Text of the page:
The First Occurrence Principle Illustrated by the Symbol “Trumpet”

This symbol is not quite so familiar to the ordinary student of the Word as the one which we have just considered, but we will not have to seek very far before we will discover that so clear is the testimony of the Word of God as to this symbol’s significance that there can be no question left in the mind. The first occurrence of trumpet in the Scripture is Ex. 19:13:

“When the trumpet soundeth long, they shall come up to the mount.”

The passage occurs in connection with the historical events which transpired when Israel was encamped at the foot of Sinai. It takes but one glance at the passage to reveal to the prayerful student of God's Word that the trumpet in the Bible stands connected with a gathering of God's people. It may be a gathering for blessing; a gathering for war; or a gathering for judgment, but the Divine Law of Firsts here indicates that the significance of the trumpet is a gathering. Does the balance of Scripture bear out this conclusion? The answer of the Word of God is most definite. In I Kings 1:39 the trumpet was blown at the time that the people had GATHERED for the anointing of Solomon. In Matt. 24:31 the Saviour declares that there shall he the sound of a trumpet when the angels GATHER His elect from the four winds of heaven from one end of heaven to the other. In I Thes, 4:16, where the Holy Spirit is describing the Rapture of the Church, it is declared that the trump of God shall sound and the dead in Christ shall rise first and by a mighty miracle of God, shall be GATHERED unto Him in the air. The Word of God does not leave the mind of God’s child questioning. Perfect agreement is spread from end to end or the sacred revelation. Thus it is seen. that when once the significance of a symbol is discovered it can be counted on with absolute certainty that wherever or whenever that symbol appears throughout the Word of God it will always carry the same significance.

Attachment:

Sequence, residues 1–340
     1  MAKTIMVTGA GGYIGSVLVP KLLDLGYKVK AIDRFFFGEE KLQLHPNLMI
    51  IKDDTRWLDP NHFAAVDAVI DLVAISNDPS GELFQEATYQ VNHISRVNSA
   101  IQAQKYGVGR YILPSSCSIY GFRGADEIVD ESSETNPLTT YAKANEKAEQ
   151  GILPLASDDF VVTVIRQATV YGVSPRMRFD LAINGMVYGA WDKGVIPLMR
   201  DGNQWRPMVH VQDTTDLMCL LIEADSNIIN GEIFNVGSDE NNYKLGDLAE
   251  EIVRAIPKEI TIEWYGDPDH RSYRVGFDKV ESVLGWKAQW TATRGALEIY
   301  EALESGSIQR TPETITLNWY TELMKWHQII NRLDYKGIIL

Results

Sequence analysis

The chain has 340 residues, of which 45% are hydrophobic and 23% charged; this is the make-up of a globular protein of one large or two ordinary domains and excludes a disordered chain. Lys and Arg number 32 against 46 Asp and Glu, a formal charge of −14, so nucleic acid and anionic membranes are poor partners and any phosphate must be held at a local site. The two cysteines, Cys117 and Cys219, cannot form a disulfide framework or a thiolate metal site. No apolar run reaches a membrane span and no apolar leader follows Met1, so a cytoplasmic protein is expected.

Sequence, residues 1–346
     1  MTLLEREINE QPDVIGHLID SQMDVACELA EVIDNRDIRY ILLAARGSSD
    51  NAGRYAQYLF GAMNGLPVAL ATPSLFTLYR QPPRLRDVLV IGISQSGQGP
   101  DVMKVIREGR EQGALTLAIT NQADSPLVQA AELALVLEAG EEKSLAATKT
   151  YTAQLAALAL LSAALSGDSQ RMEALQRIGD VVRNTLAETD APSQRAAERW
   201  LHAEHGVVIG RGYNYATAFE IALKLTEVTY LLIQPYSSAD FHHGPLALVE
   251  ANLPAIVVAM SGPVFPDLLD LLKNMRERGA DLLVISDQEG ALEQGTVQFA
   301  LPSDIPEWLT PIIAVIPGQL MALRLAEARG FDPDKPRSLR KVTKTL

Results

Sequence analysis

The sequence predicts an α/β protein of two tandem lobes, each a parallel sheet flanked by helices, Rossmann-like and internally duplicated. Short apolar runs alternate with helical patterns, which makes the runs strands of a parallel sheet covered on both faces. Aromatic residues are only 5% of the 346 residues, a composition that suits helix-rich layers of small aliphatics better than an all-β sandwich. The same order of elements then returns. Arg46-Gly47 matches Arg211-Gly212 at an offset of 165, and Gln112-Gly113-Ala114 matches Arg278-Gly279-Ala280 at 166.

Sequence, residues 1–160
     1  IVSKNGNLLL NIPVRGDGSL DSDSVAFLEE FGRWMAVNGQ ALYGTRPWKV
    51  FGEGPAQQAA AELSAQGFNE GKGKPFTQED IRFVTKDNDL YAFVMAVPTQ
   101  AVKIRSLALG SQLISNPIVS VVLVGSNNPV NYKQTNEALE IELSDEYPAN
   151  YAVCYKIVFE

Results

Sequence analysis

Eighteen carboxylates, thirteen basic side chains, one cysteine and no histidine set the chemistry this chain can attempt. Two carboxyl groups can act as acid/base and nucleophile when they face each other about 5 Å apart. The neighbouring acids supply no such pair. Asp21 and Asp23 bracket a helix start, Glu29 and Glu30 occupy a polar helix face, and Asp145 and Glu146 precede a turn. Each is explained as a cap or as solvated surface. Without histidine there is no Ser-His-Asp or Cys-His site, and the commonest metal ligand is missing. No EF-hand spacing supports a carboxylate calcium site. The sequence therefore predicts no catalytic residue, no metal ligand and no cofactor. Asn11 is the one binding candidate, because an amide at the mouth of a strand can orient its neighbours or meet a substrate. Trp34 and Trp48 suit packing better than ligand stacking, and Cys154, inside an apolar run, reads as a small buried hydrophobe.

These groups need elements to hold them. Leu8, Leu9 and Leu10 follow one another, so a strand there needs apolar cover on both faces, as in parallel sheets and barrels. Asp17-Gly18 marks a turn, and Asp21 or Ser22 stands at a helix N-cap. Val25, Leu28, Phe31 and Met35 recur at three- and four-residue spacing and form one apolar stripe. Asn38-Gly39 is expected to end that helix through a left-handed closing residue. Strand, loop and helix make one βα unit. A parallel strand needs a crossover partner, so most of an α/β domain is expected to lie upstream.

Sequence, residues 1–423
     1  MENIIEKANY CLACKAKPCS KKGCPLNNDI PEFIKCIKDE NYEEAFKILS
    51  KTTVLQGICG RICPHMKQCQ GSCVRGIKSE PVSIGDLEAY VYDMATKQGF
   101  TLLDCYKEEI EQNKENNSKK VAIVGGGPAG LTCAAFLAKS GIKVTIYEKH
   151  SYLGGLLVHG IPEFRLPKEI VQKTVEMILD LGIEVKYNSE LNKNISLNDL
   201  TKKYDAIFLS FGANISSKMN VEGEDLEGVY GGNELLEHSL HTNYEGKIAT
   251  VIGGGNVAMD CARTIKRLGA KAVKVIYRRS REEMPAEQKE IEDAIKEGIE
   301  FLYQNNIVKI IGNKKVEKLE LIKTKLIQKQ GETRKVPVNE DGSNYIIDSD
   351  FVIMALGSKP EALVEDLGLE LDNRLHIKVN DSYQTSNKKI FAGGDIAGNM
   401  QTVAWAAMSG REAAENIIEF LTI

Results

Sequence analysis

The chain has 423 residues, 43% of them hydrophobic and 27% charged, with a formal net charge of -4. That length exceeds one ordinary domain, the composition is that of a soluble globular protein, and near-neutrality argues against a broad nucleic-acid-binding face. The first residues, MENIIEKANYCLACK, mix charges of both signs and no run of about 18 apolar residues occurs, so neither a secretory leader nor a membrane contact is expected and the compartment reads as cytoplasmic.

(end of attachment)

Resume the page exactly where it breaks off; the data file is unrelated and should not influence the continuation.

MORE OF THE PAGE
The two illustrations which we have given showing forth the value of the First Occurrence Principle in determining the meaning of a Bible symbol are sufficient to give the earnest student a start in investigating this most interesting and fascinating line of study. The student whose whole soul is suffused with the burning desire to know God’s Book can begin to have a sense of assurance, which he never before experienced. Bible study is not» an illusive thing. The God of the Bible does not fluctuate. He changes not. His very use of the symbols “in the Bible is a picture of His own steadfastness for when once the meaning of a symbol is learned it may be confidently depended upon that the meaning of that symbol remains the same, no matter how many different writers” may employ the symbol, nor how many centuries may intervene between its appearances on the page of divine revelation. This brings calm and assurance to the soul that ~ would otherwise be too dejected to continue Bible study, and produces the courage to press steadfastly on to larger and fuller knowledge.

These great facts of Bible study fill the soul with awe and deepen the conviction that “the Bible is not only the Book of God, but the God of Books.”

Copyright 1923, Clifton L. Fowler